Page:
Genoa braces for G8 summit
LONDON, England (CNN) -- Italian security forces are on heightened alert after a bomb attack in Genoa, where the world's top leaders are to gather for the latest G8 meeting of industrialised nations.
The Italian government had already put in place a widespread security system, including at least 15,000 policeman, army, navy servicemen at a cost of up to $110 million.
But a parcel bomb sent to the Carabinieri station in the Fruttuoso area of Genoa and a defused time bomb just days before the summit opened acted as a further warning to security forces.
Police will be fully equipped with riot gear and armed with live and rubber bullets, tear gas, water cannon and batons during the summit this weekend. Army and navy personnel will also be on call, as will snipers, bomb disposal units and armoured vehicles.
The Italian authorities' security measures also include the positioning of surface-to-air missiles at Genoa's Christopher Columbus airport. Dubbed the SPADA, the land-based system consists of missiles capable of a range of 15 kilometres (9.3 miles).
The ministry said the decision to install the missiles is not excessive.
"There's no excessive precaution," military spokesman Colonel Alberto Battaglini told Reuters. "The measure, which was planned by the previous government, may seem open to criticism, but in reality it is merely to act as a deterrent against any aerial incursion during the summit."
The choice of Genoa for the summit is regarded as a security nightmare. It is a port, with access from the sea, and has a backdrop of hills. Its central streets are narrow and winding, making hit-and-run violence of the type seen at June's EU summit at Gothenburg difficult to contain.
Italy's Defence Minister, Antonio Martino, told CNN: "Genoa is not the best place to organise such a meeting because it is very hard to defend key sites and the concern of the government is that some violent elements may join the protesters and cause problems."
The official G8 Summit Web site said it was not so much violence by the demonstrators that they feared most, but "the possibility of a terrorist attack."
The head of Russia's Federal Bodyguard Service has warned of a plot by terrorist Osama bin Laden to assassinate George W. Bush at the summit and the U.S. President may be staying at U.S. Camp Darby military base in Livorno or offshore on the American aircraft carrier, USS Enterprise to avoid any terrorist risk.
The other leaders of the world's most industrialised nations -- the U.S., Britain, Canada, France, Germany, Italy, Japan, plus Russia -- are also staying offshore on a luxury cruise liner, the "European Vision, " chartered by the Italian government at a reported cost of $2.89 million.
Metal detectors will be positioned at the end of the gangplank, while sniffer dogs and uniformed and plain clothes policemen will stand guard.
Two security zones have been designated. The top security "red zone" includes the city centre, the summit venue, the 13th-Century Ducal Palace, and the waterfront where hotels and cruise ships hosting 1,500 delegates and 5,000 journalists will be located.
Shopkeepers and bar owners have installed steel shutters while workmen have put up 12-foot (4 metre) high metal fences at key entry points to the "red zone."
Hospitals in Genoa and neighbouring towns and cities have been put on alert.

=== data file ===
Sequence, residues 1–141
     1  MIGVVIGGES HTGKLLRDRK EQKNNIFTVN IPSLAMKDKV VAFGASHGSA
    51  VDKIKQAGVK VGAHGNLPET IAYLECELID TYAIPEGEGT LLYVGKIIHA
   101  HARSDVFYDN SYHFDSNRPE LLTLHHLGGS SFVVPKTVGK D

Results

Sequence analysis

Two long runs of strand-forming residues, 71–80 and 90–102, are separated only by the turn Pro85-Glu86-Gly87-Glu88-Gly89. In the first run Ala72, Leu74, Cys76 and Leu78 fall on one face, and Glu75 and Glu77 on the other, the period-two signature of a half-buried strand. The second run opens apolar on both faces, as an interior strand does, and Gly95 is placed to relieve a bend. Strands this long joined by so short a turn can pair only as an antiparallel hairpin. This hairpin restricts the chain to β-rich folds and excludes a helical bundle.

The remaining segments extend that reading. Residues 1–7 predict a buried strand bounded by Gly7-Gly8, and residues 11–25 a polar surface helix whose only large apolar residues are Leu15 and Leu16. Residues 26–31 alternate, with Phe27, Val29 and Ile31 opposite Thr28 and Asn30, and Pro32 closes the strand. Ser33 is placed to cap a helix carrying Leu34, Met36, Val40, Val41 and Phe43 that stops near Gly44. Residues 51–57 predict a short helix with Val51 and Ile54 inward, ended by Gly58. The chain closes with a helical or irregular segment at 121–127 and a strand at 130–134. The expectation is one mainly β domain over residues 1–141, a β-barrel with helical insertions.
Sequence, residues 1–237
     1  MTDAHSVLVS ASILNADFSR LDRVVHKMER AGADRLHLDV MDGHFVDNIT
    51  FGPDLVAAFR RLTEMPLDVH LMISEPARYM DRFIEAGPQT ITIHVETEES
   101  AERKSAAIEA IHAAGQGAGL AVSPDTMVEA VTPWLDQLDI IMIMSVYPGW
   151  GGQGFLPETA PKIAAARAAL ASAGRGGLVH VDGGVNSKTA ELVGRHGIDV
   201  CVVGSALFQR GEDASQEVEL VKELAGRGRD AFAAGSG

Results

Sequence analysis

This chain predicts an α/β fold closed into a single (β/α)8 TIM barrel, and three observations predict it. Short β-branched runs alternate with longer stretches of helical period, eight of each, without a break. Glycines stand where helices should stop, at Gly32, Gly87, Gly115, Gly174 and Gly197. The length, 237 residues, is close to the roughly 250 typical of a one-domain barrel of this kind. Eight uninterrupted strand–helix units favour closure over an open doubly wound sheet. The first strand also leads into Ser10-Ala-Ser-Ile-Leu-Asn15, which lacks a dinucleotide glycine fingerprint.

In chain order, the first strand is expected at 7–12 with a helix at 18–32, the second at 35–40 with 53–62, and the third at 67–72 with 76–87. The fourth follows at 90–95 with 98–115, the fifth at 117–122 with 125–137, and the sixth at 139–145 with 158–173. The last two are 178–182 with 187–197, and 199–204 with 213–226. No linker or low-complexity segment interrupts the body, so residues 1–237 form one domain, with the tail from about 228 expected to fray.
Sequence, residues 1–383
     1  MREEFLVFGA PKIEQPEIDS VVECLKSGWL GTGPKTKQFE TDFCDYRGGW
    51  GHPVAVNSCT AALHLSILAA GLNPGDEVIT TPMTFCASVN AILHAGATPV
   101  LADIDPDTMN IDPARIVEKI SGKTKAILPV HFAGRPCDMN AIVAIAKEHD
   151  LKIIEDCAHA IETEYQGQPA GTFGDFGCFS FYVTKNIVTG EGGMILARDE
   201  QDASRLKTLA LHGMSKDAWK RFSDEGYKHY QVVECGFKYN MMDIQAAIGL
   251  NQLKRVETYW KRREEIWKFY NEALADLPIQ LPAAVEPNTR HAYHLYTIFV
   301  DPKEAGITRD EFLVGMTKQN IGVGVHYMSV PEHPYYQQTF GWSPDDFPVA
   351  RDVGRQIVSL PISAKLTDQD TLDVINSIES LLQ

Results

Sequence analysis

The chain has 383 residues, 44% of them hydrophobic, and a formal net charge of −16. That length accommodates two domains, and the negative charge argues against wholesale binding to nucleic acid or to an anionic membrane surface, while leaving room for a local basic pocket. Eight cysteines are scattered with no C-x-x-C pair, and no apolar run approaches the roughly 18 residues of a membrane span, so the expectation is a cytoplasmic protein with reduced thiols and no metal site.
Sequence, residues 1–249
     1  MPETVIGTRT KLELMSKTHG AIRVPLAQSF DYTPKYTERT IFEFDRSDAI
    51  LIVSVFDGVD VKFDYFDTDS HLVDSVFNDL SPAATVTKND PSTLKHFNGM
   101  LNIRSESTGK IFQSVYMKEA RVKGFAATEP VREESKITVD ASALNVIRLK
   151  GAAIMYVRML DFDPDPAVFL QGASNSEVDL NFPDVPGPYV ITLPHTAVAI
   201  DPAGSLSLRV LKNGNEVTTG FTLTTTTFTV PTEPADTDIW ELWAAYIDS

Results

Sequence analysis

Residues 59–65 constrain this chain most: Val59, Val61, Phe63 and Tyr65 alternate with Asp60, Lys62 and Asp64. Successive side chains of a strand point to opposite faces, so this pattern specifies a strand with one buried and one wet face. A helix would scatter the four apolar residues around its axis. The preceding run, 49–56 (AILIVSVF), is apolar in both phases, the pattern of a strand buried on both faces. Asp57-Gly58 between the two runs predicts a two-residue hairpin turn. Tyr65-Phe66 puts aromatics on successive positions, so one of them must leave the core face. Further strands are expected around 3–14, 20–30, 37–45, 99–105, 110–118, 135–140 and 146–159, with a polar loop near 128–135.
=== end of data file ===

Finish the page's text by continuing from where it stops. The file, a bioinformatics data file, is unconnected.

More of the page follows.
The "yellow zone," which is much larger than the red zone, will act as a buffer zone. Access is less tight and demonstrations will be allowed to take place here, but police will be able to seal off the area quickly if necessary.
Factories deemed strategically sensitive will receive special protection.
The Old Port and the city centre will be cordoned off, litter bins removed, markets closed, manhole covers welded and sewers searched.
Coast guard divers will search underwater caves while satellite data will help intercept any unwelcome vessels.
Naval boats will patrol access to the port while fighter jets will monitor the skies.
The airport, the two main rail stations, an elevated railway and all motorways into the city will be shut. There is even a move to introduce checks at the border with France -- scrapped by the 1995 EU Schengen Treaty. Germany was tightening its border controls.
It is an elaborate defence against a sophisticated protest network including anti-globalisation activists as well as environmentalists, debt cancellation campaigners and human rights demonstrators.
About 120,000 protesters from 800 groups are expected to descend on Genoa, mainly under the umbrella of the Genoa Social Forum.
It has condemned violence and posted warnings on its Web site that protesters should not carry "any object that can be considered an offensive weapon (i.e. Swiss Army Knives.)
Interior Minister Claudio Scajola met with the group in the run-up to the summit and warned that the government would use "maximum severity" with those having "violent intentions."
But there was concern that groups determined to carry out violent actions were outside the Global Social Forum's umbrella.
An Italian group calling itself "Tute Bianche" (White Overalls) has said it intends to incite violent demonstrations.
An English group, Globalise Resistance, has hired a special train dubbed by authorities as the "Anarchy Express," which will have "a very few" anarchists on it, spokesman Guy Taylor said.
Others will be trade unionists, activists, NGO officials and peaceful protesters.
"There were 25,000 demonstrators in Gothenburg but only 600 were involved in trouble," he said.
"The focus in Genoa will be on Third World debt. On Saturday there is a mass demonstration on the issue. The G8 nations pull the strings of the World Bank and the IMF."
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